gravitational constant
 mass and radius of the planet
 Escape velocity is the initial velocity required by a
projectile to rise vertically and just escape the
gravitational field of a planet.
During this rise, the projectile’s kinetic energy
transforms into gravitational potential energy, so that:
E_{k} initially = E_{p} finally
Background
A useful equation
From the relationship described above, the following
expression for escape velocity of a planet can be
deduced.
The physics syllabus does NOT require
students to know or manipulate this
equation.

From the expression provided in Background
above, it can be seen that the escape velocity depends
upon the universal gravitational constant, G, the mass of
the planet and the radius of the planet. It does not
depend on any intrinsic property of the projectile.The
escape velocity for objects leaving the Earth works out
to be approximately 40 000 km h^{1}.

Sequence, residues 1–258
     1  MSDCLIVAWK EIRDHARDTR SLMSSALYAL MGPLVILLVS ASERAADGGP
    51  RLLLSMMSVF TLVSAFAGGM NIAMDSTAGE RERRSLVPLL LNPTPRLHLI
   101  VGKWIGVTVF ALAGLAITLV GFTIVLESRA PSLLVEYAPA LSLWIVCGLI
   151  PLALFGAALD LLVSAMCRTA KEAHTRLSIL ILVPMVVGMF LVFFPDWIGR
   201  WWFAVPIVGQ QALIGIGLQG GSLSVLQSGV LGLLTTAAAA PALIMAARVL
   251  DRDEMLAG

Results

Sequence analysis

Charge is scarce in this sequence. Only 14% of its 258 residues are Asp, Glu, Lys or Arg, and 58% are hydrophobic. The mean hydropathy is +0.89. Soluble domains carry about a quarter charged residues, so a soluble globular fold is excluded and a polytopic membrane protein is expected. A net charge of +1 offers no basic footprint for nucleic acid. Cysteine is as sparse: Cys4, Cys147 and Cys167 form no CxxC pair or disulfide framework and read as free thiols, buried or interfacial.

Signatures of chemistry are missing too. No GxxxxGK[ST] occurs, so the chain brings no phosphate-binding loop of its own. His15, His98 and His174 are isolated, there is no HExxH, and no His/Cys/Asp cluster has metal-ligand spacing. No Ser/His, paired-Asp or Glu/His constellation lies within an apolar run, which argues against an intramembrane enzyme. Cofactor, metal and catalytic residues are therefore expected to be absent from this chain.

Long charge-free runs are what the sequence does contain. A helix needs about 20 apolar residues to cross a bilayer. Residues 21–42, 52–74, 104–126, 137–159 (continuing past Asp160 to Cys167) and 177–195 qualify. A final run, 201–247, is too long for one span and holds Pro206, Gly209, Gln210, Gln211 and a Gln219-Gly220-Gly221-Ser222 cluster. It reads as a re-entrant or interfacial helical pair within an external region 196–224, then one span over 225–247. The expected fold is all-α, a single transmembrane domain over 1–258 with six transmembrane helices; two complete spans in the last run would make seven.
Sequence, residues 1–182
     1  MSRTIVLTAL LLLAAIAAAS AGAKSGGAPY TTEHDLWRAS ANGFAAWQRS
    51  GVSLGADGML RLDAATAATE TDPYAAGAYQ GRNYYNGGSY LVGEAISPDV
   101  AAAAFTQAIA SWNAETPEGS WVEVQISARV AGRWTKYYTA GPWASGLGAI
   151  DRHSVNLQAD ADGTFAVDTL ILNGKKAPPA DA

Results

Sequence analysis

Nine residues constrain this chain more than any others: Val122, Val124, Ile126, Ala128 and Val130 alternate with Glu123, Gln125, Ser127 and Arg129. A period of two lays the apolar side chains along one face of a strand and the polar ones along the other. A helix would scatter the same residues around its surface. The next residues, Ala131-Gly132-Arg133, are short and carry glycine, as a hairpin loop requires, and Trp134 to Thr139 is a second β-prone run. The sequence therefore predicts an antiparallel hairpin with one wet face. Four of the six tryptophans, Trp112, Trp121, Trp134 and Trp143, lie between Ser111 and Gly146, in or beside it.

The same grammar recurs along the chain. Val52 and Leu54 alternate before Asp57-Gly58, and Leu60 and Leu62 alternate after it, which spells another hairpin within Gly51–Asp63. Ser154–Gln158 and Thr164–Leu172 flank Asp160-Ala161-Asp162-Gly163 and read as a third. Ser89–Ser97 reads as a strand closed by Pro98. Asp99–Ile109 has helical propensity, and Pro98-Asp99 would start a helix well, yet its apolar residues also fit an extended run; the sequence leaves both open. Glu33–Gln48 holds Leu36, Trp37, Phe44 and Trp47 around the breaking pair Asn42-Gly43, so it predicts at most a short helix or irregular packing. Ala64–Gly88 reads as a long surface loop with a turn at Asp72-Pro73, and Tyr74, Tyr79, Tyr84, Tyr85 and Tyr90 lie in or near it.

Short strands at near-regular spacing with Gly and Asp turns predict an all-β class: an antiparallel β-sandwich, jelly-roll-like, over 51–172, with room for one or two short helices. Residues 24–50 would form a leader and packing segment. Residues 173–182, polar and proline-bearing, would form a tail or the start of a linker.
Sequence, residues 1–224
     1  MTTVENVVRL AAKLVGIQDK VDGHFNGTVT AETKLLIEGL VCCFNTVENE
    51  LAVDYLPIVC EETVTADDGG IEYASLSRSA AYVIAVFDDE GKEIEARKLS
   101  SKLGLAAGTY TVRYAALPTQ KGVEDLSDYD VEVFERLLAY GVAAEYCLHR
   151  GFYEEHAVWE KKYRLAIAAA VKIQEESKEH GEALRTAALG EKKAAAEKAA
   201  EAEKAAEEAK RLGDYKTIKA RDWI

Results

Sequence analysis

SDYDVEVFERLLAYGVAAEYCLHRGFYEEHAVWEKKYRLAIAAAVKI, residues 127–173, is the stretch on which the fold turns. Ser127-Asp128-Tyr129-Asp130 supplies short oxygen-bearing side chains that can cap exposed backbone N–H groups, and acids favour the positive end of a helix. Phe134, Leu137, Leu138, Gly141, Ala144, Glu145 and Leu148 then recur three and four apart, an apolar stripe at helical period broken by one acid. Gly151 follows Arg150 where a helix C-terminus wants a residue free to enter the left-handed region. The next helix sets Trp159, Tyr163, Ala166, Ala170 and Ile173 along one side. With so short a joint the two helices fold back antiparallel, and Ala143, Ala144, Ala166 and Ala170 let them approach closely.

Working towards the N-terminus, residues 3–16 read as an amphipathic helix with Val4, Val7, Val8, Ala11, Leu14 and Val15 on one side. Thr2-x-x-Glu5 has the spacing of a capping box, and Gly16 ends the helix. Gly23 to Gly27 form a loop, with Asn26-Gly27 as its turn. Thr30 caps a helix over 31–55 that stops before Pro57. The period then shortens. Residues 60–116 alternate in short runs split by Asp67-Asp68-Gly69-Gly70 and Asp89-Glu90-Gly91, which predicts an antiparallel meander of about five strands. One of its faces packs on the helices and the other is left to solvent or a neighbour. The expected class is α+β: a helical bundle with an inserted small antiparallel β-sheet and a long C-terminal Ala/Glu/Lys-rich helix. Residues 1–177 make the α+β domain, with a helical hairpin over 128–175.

It is worth noting that this is a hypothetical concept
only. It would not be possible to successfully perform
such a launch for two reasons.
 Trying to travel through the Earth’s dense
lower atmosphere at this speed would produce an
enormous amount of heat, sufficient to vaporise the
projectile.
 Any living thing or delicate equipment would be
crushed by the enormous g forces created by
the process of suddenly being accelerated to 40 000 km
h^{1}.
outline
Newton’s concept of escape velocity

Newton created a hypothetical scenario as follows. A
person climbed a very tall mountain and launched a
projectile horizontally from the peak. The projectile
follows a parabolic path (see the above discussion
relating to projectile motion) before striking the
ground. If another projectile were launched faster than
the first, then it would travel further before striking
the ground. If yet another projectile were launched fast